allies, parenting, safe space
Dawn: I’m not trying to speak for the experience of trans people either. This is through my observation of being an ally to my child, which is probably the closest you can get to experiencing something yourself. But it’s not, I’m not, I don’t identify as trans, so I can’t say that this is the way it is for all trans people. I’m just talking about what I’ve observed in my kid.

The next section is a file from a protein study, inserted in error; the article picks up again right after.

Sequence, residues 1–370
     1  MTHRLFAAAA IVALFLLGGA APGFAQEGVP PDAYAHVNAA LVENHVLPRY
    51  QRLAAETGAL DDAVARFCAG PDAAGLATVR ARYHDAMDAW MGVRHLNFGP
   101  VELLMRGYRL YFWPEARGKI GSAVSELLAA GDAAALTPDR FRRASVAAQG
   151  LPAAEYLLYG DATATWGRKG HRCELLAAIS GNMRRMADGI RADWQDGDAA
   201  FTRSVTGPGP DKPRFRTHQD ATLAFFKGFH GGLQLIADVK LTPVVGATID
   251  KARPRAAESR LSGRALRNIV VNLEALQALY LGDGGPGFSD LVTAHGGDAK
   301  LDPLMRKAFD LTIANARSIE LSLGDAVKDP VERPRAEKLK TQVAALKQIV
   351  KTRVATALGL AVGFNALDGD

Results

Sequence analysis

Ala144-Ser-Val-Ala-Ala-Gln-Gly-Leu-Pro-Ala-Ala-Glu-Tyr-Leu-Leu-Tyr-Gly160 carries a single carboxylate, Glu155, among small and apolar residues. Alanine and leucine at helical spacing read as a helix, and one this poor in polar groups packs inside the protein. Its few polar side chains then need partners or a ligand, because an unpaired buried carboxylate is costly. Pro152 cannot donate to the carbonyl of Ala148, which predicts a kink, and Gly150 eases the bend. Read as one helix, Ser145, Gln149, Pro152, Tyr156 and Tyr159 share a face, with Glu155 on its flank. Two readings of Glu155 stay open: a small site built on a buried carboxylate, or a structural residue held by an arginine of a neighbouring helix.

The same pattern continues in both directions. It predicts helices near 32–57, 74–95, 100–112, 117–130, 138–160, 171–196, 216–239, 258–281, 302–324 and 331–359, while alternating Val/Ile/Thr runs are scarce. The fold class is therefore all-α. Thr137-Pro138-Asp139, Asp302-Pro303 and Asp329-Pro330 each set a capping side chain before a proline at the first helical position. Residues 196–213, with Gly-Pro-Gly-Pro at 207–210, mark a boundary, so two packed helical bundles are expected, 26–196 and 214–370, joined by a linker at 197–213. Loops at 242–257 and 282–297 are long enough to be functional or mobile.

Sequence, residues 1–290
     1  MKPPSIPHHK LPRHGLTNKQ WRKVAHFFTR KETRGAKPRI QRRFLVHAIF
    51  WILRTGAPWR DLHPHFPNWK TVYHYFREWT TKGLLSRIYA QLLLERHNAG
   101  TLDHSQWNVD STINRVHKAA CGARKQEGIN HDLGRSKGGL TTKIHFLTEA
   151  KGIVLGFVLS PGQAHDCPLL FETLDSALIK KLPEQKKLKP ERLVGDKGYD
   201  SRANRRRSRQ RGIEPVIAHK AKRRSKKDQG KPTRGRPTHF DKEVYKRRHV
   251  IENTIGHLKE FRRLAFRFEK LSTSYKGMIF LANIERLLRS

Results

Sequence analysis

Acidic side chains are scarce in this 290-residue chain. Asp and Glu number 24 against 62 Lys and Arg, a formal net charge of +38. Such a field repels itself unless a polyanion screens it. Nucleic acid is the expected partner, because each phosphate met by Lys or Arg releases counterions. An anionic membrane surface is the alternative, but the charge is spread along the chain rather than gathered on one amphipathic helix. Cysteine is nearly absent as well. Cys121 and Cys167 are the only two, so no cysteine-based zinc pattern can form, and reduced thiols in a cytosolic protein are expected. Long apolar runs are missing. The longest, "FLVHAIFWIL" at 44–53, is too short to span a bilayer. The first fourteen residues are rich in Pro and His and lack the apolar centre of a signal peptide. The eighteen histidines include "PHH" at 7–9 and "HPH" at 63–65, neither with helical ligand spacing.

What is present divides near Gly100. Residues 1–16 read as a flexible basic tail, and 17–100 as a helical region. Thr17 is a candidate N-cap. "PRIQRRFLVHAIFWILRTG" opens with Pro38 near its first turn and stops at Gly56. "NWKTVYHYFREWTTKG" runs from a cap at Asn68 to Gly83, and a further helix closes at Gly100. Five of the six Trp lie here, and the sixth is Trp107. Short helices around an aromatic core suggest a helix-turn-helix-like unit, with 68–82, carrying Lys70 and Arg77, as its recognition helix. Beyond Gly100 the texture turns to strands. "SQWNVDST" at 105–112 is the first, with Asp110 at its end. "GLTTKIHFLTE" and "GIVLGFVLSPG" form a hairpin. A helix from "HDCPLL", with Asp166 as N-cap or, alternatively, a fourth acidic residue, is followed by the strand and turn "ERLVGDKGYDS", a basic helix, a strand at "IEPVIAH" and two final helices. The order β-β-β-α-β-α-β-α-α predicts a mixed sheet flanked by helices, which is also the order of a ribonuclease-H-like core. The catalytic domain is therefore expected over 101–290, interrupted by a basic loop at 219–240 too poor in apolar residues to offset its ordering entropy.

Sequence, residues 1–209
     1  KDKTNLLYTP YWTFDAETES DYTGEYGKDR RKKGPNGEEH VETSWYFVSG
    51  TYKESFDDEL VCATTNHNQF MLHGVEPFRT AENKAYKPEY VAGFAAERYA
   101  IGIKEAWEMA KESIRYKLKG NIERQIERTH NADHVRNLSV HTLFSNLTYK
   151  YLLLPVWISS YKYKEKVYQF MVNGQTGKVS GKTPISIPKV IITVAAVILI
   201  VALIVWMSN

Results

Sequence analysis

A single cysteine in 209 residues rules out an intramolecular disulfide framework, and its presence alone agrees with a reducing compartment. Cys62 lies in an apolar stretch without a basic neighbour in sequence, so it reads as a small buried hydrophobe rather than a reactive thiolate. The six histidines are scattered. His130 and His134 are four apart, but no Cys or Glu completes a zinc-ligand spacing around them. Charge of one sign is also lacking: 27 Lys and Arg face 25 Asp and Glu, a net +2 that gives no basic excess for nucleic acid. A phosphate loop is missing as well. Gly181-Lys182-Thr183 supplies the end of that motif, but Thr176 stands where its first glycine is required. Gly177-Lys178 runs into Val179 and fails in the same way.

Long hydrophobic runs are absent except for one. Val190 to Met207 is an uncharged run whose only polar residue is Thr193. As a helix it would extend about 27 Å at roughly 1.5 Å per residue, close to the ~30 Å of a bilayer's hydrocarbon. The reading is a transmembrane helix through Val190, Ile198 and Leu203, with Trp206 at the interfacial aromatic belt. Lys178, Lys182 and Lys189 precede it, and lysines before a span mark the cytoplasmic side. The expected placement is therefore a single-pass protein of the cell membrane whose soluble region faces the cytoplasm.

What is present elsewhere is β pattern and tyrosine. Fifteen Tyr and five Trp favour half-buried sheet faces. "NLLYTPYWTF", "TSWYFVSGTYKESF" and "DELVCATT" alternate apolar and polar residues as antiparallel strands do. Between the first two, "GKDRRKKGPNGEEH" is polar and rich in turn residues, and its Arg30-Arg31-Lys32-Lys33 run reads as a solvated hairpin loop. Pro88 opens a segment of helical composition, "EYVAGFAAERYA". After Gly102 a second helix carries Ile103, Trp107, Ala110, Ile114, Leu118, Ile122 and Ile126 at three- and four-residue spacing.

And I think that’s the biggest complaint that I have about the school, like the school just keeps saying “Oh your kids are fine. They’re happy at school.” And if I try to say that they’re actually not, there’s a lot of things, they have anxiety, they’re worried about this, there’s this bullying. And the school is just like everything is fine. And I’m like, but if you want to see that everything’s fine, that’s what you’re going to see, but that doesn’t necessarily mean that is, that everything always is fine. There has to be a deeper level sometimes. People are only going to show things when they feel safe. I guess that’s pretty much... you have to be the one that makes the safe space, not them. It’s not the child’s responsibility to educate the adults on what is needed to make this space safe. The adults have to do that work themselves, because the kids don’t have a choice. They don’t have a choice about which parent they’re living with, they don’t have a choice about going to school, they don’t have really a choice about which health professionals they’re going to see, so the adults have to take the responsibility for doing the work, and not make the kids be the educator. Your trans child shouldn’t be explaining to an adult what being trans is. That’s why we have Google, and the internet and books. It’s not that hard to read some stuff. Like let the kids be them, let them be kids.